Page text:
It’s here…the new calendar filled beautiful egg pictures and I am honored to report you will find photos of my work along with pysanky and batik-style eggs from all over the world. Click here to get the purchasing details and to preview each page.
Wow, I just spent a week teaching “Pysanky for All” at the John C. Campbell Folk School in Brasstown, North Carolina, and I declare to one and all…this is my happy place.
For those who are not familiar with the Folk School, think of summer camp…only year around…for adults…filled with folk art classes…on 300 beautiful acres of gently rolling hills and woodlands…with other like-minded life-long learners. That should give you the beginnings of an idea of this place.
Years ago my sister and I attended an artisan bread-baking class there. In spite of the misty cold January weather, we had a blast baking all week long. With our fellow students we started with basic breads and then experimented with sourdoughs, crusty ciabattas and even got to bake in the wood-fired hearth oven right there in the kitchen. The communal meal-times offered lots of opportunity to meet fellow students and instructors from around the country. I fell in love with this whole concept of non-competitive, cooperative learning based on the Danish “folkhojskole” or folk high school and I knew I wanted to come back someday and teach.
It took me a few years to gain enough experience teaching and then a few more years to work up the courage to apply, but I was delighted to teach for the first time in June 2016. And even more delighted when they asked me back for this year’s class and scheduled me for October 7-13, 2018.
This year’s class of eight students exceeded my expectations greatly. On Monday morning we worked our way through an introductory egg to learn the basics. Step-by-step through the next few days they gained skills and confidence so that by the end of the week they were designing and completing their own masterpieces. We bonded as a group quickly and constantly helped each other by calling out, “Did you plug your egg?” as one or more students headed for the dye table. “Show and tell,” was followed by oohs and aahs as the finished eggs made their way around the class.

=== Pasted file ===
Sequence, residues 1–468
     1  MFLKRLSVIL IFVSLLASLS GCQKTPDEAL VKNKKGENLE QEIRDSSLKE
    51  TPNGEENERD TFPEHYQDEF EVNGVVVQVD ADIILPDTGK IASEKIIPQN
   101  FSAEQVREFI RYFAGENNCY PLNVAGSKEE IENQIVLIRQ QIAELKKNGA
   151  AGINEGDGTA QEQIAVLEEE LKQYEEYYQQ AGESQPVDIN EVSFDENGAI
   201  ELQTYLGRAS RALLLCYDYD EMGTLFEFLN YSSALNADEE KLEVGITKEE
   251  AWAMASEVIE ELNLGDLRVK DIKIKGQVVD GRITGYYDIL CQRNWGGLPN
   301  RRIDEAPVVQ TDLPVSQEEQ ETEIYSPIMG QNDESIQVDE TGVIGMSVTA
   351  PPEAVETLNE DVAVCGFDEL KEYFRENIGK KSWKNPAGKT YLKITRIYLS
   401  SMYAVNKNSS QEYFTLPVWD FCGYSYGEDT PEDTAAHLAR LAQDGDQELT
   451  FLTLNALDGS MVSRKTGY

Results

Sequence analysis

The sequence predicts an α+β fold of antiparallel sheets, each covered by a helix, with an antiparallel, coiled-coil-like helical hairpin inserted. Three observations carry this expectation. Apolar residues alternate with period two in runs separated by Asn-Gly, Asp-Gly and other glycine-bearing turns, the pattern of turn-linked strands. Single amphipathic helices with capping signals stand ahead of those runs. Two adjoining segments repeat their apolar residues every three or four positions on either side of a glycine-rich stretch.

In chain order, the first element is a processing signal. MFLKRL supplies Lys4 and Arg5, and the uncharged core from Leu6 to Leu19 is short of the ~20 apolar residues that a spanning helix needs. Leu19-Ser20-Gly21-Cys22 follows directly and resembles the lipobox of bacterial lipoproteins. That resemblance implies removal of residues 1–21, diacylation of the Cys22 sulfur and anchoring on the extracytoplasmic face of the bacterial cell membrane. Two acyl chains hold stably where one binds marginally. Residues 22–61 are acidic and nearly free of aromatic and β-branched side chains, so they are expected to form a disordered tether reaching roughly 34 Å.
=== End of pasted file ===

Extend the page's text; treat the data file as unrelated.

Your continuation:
Saturday and the end of our stay came too quickly, but with the hope of a return trip next year, we parted as long-time friends instead of students and teacher. That’s a really good feeling in my book.
For the first time we are offering a whole week of classes at the Studio at Oak Hills Church in Folsom, California. Think of it as Arts Camp for older youth and adults. Featuring ceramics, drawing, painting, paper crafts and egg art on five different nights, classes begin Monday, July 24, 2017. Check here for more details and to register for one or more classes.
I’ll be teaching the beginning pysanky class on Friday, July 28th from 6:30 to 8:30 PM. Sign up early to get a discount and reserve your spot.
If you have a 5th or 6th grader who’d like to learn how to create pysanky, here’s a great opportunity. Every year Oak Hills Church in Folsom, California, hosts a week-long Arts Camp for incoming 1st through 6th graders. This year I’ll be teaching a class on pysanky and as of today there are only three spots open so don’t wait too long to sign up your student.